Last year Sorrow, awesome woman and mother that she is, announced that she was pulling names from a hat and giving away five wonderful family-made gifts to people who signed up to have their names put in the hat. The only catch was that the winners had to pay it forward. A circle of giving, the kind of circle that starts like a pebble tossed into a pond, and radiates outward, growing larger and more encompassing.

I was one of the lucky winners, and I have a beautiful stained glass piece that I adore. I can’t look at it without thinking of Sorrow and her daughter making the piece, and of her whole family taking part in the gift making and giving with gleeful hearts. It gives me hope.

But paying it forward ended up being ironically difficult for me. I talked to Sorrow about it just recently. I do so much, it seems, but all of it feels like I’m already just paying people back for the incredible things that they do. Helping them is not paying it forward.

I was able to give a gift of a book to someone with the understanding that he was to pay it forward. He is a generous person by nature. I have a feeling he will have the same difficulty that I have had.

See, the problem isn’t finally doing something, the problem is in ever feeling like one of the things I do “counts”. That feeling, it bothers me. I’ve been working on it, but it lingers. What Sorrow and her family did was so beautiful, so much of themselves, I felt an intense desire to find something similar in myself. Expectations too high, perhaps?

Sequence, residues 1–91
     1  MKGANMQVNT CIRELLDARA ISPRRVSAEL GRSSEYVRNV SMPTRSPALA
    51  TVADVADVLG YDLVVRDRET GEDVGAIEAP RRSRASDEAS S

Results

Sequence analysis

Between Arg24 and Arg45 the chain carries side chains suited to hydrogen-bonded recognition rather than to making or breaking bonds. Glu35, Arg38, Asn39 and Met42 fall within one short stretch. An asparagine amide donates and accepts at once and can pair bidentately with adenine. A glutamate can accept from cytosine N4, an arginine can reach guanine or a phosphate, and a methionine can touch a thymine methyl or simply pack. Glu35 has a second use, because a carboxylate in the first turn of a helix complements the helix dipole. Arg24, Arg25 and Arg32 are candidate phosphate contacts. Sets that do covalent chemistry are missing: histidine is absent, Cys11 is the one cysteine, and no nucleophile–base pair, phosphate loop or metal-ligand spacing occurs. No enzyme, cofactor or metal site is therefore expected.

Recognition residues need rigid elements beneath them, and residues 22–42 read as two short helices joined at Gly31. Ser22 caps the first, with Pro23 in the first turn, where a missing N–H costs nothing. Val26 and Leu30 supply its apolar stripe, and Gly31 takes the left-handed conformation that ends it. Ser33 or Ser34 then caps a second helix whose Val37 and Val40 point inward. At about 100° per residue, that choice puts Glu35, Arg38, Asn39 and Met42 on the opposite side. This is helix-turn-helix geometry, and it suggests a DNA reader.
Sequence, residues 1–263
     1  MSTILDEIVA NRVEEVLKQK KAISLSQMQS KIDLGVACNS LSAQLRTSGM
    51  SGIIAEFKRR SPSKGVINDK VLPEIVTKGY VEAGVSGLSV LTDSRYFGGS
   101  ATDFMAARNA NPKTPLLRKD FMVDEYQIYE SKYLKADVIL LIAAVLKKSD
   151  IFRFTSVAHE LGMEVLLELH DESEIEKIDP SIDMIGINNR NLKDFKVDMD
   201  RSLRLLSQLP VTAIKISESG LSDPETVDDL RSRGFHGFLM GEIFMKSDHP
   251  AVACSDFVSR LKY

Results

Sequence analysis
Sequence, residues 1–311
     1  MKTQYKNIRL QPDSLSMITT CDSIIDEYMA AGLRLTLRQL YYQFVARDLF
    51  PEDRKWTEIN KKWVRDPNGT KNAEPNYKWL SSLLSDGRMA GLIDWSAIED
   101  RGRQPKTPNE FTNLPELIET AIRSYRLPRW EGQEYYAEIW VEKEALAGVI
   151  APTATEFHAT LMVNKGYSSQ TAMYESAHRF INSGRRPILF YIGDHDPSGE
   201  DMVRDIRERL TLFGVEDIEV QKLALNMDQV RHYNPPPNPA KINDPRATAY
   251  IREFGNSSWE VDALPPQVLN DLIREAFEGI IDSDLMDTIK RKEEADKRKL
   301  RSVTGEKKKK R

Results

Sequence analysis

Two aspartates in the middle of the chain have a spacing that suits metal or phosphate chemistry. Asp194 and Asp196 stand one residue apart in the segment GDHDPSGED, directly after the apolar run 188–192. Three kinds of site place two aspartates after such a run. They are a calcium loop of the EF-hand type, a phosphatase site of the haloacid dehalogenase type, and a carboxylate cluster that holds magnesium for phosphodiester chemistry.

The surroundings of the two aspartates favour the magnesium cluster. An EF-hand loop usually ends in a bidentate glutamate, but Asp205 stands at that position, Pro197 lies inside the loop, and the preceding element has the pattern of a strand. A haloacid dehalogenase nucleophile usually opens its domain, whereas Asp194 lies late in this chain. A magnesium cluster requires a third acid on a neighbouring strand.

Sorrow’s son asked her if they were doing the circle again this year. What a lovely family she has! And so the circle returns. I asked Sorrow if I could add something to the circle, and she graciously agreed. I wasn’t the only one to ask and to offer – I think, based on the comments she’s getting, that everyone is trying to give, she might have no one putting their name in the hat to take! The circle is a powerful thing.

Tonight on the way home, I finally started to reconcile my own feelings of inadequacy and conflict with regards to paying forward the gift of stained glass and hope that I received last year. I finally came to understand, as I pulled over to help a stranded motorist, that those are the little moments where I pay things forward. Those are the moments, distinct from activism or supporting others in their activism, that meet the spirit behind the circle.

My willingness to make the small effort to actually get out of my car to rescue the dog trying to cross a busy road. My willingness to pull a box spring out of the path of other people, though it was not in my way. My willingness to ask someone if they need help, and pull over so I can help him move his out-of-gas car out of the way of traffic. (Note to motorists: asking a cyclist where the nearest gas station is will generally yield no results!)

Not everyone stops. Most everyone does not stop, let alone offer to help.

That’s where I finally found my fulfillment of the promise I made last year. Thank you, Sorrow, for encouraging me to look a little deeper.